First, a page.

A few months after taking the helm as president of the Connecticut Light & Power Co., Jeffrey D. Butler spoke at a business breakfast in New London County, telling a receptive audience about his vision for a more dependable and respected electric company.
"In the future, you'll see a whole level of difference in reliability and service to our customers," Butler said at the October 2009 gathering. "I want our customers to step back and see us as their advocate."
You can pull the plug on that idea.
A pair of devastating storms has drained whatever customer goodwill CL&P had hoped to develop. And in the process, Butler, a no-nonsense engineer, went from anonymous energy wonk to solitary lightning rod for the fury of nearly a million electric customers who spent all or part of last week shivering in the dark.
Editorial writers skewer him. One police department is threatening to hold him responsible for fires exacerbated by blocked roads. And some prankster has set up a Twitter account under the name "FakeJeffButler" with a constant stream of needling posts.
"The rumors that my gold-plated residential backup generator runs on the refined tears of orphan children are totally unfounded," one Tweet reads.
Twice a day, Butler walks to the podium in the Emergency Operations Center at the State Armory in Hartford and grimly faces skeptical reporters who out-shout each other for the chance to challenge the company's restoration projections.
It is those sessions that have made Butler the face of CL&P's public-relations debacle. And for all his responsibilities as company president, it is that under-the-spotlight role, those who know him say, for which he is least suited.
"I think that he knows he doesn't have a career in local television news ahead of him," said Tom Dalzell, a union official representing workers at Pacific Gas and Electric Co. in California, where Butler spent most of his career. "But that's just his gruffness. That's the engineer. Engineers by definition generally aren't going to win personality pageants."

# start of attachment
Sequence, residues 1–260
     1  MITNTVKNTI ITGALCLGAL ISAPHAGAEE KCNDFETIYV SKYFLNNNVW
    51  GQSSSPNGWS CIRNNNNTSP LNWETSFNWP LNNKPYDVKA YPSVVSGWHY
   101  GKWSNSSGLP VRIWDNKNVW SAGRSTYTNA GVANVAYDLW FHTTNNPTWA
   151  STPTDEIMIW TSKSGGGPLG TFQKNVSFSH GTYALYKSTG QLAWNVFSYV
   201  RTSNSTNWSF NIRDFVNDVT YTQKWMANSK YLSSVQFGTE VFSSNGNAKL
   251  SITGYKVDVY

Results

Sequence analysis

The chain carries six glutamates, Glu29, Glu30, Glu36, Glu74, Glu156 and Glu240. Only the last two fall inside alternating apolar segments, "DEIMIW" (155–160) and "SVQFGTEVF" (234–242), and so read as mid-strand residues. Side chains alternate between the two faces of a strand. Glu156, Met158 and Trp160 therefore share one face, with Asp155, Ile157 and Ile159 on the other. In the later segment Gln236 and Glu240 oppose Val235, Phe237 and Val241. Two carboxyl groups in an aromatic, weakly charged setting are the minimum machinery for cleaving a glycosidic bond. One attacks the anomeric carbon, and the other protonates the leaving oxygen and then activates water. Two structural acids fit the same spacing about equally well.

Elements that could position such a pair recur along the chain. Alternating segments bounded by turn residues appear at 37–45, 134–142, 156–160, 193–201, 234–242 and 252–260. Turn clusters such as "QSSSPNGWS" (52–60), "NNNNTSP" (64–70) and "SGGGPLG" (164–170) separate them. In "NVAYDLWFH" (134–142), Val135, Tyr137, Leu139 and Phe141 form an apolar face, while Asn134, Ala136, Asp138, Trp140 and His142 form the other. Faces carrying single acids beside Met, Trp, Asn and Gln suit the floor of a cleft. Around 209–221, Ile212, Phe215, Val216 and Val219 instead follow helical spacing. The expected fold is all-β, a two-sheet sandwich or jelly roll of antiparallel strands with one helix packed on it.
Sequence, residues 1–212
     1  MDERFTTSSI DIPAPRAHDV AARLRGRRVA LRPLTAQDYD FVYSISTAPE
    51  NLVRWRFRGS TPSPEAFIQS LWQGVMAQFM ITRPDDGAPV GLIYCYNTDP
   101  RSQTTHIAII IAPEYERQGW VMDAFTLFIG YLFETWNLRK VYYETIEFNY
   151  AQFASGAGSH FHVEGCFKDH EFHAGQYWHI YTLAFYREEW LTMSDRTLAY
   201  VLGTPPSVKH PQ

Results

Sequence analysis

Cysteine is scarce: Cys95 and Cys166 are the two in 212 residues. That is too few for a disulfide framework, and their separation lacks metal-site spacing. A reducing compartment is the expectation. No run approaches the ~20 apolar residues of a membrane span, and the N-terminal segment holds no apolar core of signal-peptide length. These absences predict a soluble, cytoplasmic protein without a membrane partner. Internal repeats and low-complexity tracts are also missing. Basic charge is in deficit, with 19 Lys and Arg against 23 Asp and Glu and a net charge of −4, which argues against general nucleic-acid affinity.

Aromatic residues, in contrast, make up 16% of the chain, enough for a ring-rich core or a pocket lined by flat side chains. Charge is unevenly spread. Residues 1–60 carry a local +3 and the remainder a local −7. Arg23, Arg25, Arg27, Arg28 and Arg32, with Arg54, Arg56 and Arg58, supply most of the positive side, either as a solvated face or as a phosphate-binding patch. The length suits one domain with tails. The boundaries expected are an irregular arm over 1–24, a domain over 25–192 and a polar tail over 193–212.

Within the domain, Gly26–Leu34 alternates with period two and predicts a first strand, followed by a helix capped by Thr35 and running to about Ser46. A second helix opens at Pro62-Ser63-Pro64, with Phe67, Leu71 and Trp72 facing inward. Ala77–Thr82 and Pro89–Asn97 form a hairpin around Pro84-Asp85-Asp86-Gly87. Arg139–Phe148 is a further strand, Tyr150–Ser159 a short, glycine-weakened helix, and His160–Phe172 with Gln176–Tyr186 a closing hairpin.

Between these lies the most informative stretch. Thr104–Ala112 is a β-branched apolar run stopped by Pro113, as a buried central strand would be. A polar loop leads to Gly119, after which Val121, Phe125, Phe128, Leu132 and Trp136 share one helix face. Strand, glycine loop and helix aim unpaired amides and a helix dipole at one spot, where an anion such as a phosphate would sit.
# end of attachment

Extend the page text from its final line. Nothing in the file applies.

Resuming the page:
That image of the methodical, serious-minded engineer is the personality trait most frequently described by those who know Butler, and they say it makes him a far better utility company chief than utility company spokesman.
"He's not the kind of guy that would call you up and say 'Let's have a beer,'" said state Sen. John Fonfara D-Hartford, co-chairman of the General Assembly's Energy and Technology Committee. "I would say he's not a gregarious person. He's measured. He's an engineer, as many folks at CL&P are that I interact with. And all engineers have a slightly different approach as to how they see the world, as compared to, say, politicians."
Butler generally appears weary and uncomfortable at the daily news conferences, in stark contrast to the frenetic nature of Gov. Dannel P. Malloy, who precedes him at the podium. He has made missteps, initially appearing to point the finger at weather forecasters and later showing reluctance to apologize for the slow place of the company's restoration efforts. His daily expressions of empathy are not resonating with the public.
"He's certainly learned the public side of his job later than he learned the engineering side of his job," Fonfara said. "But I think that's something that he's learning is an important part of his job."
But not a part he relishes. He blanches when asked to ponder his own feelings and discuss the toll the outages have had on him personally.
"We're in business to serve our customers. And having almost 80 percent of your customers out of power, it does take a toll," he said. "It's something I take personally."
Butler is the son of a lineman, and has spent his entire career in the energy industry. He graduated from the California State University at Chico in 1979 with a degree in electrical and electronic engineering, and signed on with Pacific Gas and Electric, working a variety of hydroelectric jobs before moving into management.
In the early years, he often shared the hour-long commute from Fresno to San Francisco with Lee McVey, a staff supervisor in a different department, and the two bantered about company politics and other topics.